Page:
A Phase 2 Study of Durvalumab, a PD-L1 Inhibitor, and Olaparib in Recurrent Ovarian Cancer

Conference Correspondent - ESMO 2018

Olaparib, a poly (ADP-ribose) polymerase (PARP) inhibitor, has previously shown clinical activity in subsets of patients with recurrent ovarian cancer.1 Based on the hypothesis that olaparib may complement the antitumor activity of immune checkpoint inhibitors like durvalumab, clinical trials have been undertaken to evaluate the safety and efficacy of the combination in recurrent ovarian cancer. In a previous phase 1 study, Lee and colleagues reported safety data and the recommended phase 2 dose of durvalumab + olaparib.2 Here, the same investigators report the safety data and clinical activity in the phase 2 cohort.3

Thirty-five patients with performance scores ranging from 0 to 1, good end-organ function, and biopsiable disease received at least 1 cycle of treatment. Each cycle consisted of the recommended phase 2 dose of 300 mg oral olaparib, twice daily, and 1500 mg intravenous durvalumab on day 1 of each 28-day cycle. The primary objective was to estimate clinical activity using Response Evaluation Criteria in Solid Tumors 1.1 objective response rate and a 2-stage design targeting 35 evaluable patients. Secondary objectives included progression-free survival and safety as assessed by Common Terminology Criteria for Adverse Events (version 4.0). Tissue and blood samples were collected both during pretreatment and on therapy, at cycle 1, day 15 and cycle 3, day 1.

The median age of patients in this study was 67 years (range 40-85 years), and 6 (17%) were germline BRCA mutation carriers (BRCAm), whereas 29 (83%) were BRCA wild type (BRCAwt). Thirty patients (86%) had platinum-resistant recurrent disease, and the median number of prior therapy regimens was 3.5 (range 1-16).

Of 34 evaluable patients (6 BRCAm, 28 BRCAwt), 5 partial responses (PRs) were observed (15% response rate, median 11 months [range 6.5-23 months]). Of those patients with PR, 2 patients were BRCAm (1 with platinum-resistant disease [8.5 months] and 1 with platinum-sensitive disease [11+ months]) and 3 patients were BRCAwt (2 with platinum-resistant disease [23 and 14+ months] and 1 with platinum-sensitive disease [6.5months]). Twenty patients (57%) had stable disease (SD) of ≥4 months (median 6.5 months [range, 4-12.5 months]), yielding a 37% clinical benefit rate (PR + SD ≥4 months).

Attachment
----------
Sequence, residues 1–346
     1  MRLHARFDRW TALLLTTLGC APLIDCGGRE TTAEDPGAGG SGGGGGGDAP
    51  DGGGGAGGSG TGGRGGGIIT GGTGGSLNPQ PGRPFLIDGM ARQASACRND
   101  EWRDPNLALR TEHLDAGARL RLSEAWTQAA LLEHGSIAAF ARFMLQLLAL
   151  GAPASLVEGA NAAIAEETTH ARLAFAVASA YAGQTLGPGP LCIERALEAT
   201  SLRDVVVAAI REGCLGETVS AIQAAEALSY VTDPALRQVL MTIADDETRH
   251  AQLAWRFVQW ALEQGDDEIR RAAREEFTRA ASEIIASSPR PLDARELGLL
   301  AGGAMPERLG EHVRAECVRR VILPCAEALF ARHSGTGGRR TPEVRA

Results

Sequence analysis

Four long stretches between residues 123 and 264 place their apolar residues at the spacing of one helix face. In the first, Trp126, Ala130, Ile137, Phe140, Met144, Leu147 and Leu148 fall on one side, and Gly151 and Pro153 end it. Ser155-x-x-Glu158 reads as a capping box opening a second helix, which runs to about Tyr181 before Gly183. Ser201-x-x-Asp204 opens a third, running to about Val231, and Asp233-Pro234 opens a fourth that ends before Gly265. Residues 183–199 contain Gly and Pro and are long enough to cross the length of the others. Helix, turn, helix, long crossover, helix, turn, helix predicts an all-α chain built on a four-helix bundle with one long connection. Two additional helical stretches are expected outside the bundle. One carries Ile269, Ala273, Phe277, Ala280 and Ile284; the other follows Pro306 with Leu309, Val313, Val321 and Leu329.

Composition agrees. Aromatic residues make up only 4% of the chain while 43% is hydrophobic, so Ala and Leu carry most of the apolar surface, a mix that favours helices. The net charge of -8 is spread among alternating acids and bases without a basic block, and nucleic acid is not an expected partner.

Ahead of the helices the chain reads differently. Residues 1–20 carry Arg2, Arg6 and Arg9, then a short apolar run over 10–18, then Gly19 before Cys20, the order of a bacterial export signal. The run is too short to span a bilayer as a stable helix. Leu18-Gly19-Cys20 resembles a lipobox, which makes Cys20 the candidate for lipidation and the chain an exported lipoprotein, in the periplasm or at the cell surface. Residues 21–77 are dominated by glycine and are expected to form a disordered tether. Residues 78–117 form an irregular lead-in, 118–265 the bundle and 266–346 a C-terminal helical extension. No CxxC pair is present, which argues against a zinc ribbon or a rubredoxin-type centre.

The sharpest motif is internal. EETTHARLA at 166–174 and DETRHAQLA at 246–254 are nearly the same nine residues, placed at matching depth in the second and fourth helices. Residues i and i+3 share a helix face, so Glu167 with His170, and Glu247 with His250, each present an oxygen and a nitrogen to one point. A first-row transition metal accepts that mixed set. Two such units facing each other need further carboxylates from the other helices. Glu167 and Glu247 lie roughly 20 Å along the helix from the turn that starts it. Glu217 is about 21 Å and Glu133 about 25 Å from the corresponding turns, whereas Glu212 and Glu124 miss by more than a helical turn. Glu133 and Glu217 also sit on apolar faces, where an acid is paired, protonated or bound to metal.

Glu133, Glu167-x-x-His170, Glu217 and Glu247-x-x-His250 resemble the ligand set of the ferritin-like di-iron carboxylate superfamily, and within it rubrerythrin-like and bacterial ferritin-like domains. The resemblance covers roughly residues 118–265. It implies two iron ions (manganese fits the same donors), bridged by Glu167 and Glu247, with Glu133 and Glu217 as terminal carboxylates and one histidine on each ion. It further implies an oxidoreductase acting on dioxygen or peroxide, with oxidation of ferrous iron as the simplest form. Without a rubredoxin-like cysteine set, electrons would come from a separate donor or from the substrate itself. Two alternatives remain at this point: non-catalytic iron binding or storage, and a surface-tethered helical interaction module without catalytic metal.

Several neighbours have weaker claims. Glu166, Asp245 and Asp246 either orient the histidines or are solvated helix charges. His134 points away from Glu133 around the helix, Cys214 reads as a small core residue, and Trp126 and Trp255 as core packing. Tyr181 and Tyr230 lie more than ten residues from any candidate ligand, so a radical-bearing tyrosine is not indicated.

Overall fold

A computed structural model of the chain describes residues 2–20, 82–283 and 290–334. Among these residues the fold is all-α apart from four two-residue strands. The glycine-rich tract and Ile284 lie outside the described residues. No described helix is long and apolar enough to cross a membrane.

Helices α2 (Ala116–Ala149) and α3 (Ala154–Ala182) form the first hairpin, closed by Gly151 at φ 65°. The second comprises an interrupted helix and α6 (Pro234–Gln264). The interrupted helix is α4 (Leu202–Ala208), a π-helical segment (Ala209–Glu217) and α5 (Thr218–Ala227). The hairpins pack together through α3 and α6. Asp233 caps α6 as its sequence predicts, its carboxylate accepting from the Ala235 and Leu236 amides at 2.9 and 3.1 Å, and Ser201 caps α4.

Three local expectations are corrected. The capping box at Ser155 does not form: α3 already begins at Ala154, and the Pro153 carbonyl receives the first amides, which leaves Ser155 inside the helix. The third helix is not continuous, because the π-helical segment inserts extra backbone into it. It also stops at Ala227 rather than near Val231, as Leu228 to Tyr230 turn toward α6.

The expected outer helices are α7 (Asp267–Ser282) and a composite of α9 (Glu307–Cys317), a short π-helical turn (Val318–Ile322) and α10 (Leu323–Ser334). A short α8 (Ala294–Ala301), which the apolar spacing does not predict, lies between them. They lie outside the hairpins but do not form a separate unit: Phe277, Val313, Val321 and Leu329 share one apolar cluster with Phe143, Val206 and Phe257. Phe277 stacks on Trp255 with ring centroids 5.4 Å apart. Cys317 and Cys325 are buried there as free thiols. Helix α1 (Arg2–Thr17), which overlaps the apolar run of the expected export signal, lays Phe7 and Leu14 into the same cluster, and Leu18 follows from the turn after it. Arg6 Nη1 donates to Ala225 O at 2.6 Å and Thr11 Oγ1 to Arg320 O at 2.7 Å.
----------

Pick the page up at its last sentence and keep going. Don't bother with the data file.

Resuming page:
High-grade (≥grade 3) adverse events included anemia (26%) and lymphopenia (14%). Three patients required a dose reduction of olaparib due to grade 3 anemia (n = 1), grade 3 atrial fibrillation (n = 1), and recurrent grade 2 nausea refractory to supportive care (n = 1). Biomarker analysis is ongoing, including tumor mutational burden, PD-L1/tumor-infiltrating lymphocyte expression, and STING pathway evaluation.

The results presented here suggest that the combination of durvalumab and the PARP inhibitor olaparib was well-tolerated and had clinical activity in a subgroup of heavily pretreated BRCAwt patients with ovarian cancer. Ongoing biomarker evaluation will further characterize the subset of patients who will benefit most from this combination.


  1. Lorusso D, et al. Drug Des Devel Ther. 2018;12:1501-1509.
  2. Lee J-M, et al. ASCO 2016. Abstract 3015.
  3. Lee J-M, et al. ESMO 2018. Abstract 936PD.